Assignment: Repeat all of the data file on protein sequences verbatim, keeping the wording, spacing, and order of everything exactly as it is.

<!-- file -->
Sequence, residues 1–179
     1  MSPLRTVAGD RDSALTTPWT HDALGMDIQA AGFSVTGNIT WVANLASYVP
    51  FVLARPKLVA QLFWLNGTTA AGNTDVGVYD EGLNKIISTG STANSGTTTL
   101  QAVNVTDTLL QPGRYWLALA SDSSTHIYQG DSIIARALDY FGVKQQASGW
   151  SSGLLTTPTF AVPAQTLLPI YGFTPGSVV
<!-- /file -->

Sequence, residues 1–179
     1  MSPLRTVAGD RDSALTTPWT HDALGMDIQA AGFSVTGNIT WVANLASYVP
    51  FVLARPKLVA QLFWLNGTTA AGNTDVGVYD EGLNKIISTG STANSGTTTL
   101  QAVNVTDTLL QPGRYWLALA SDSSTHIYQG DSIIARALDY FGVKQQASGW
   151  SSGLLTTPTF AVPAQTLLPI YGFTPGSVV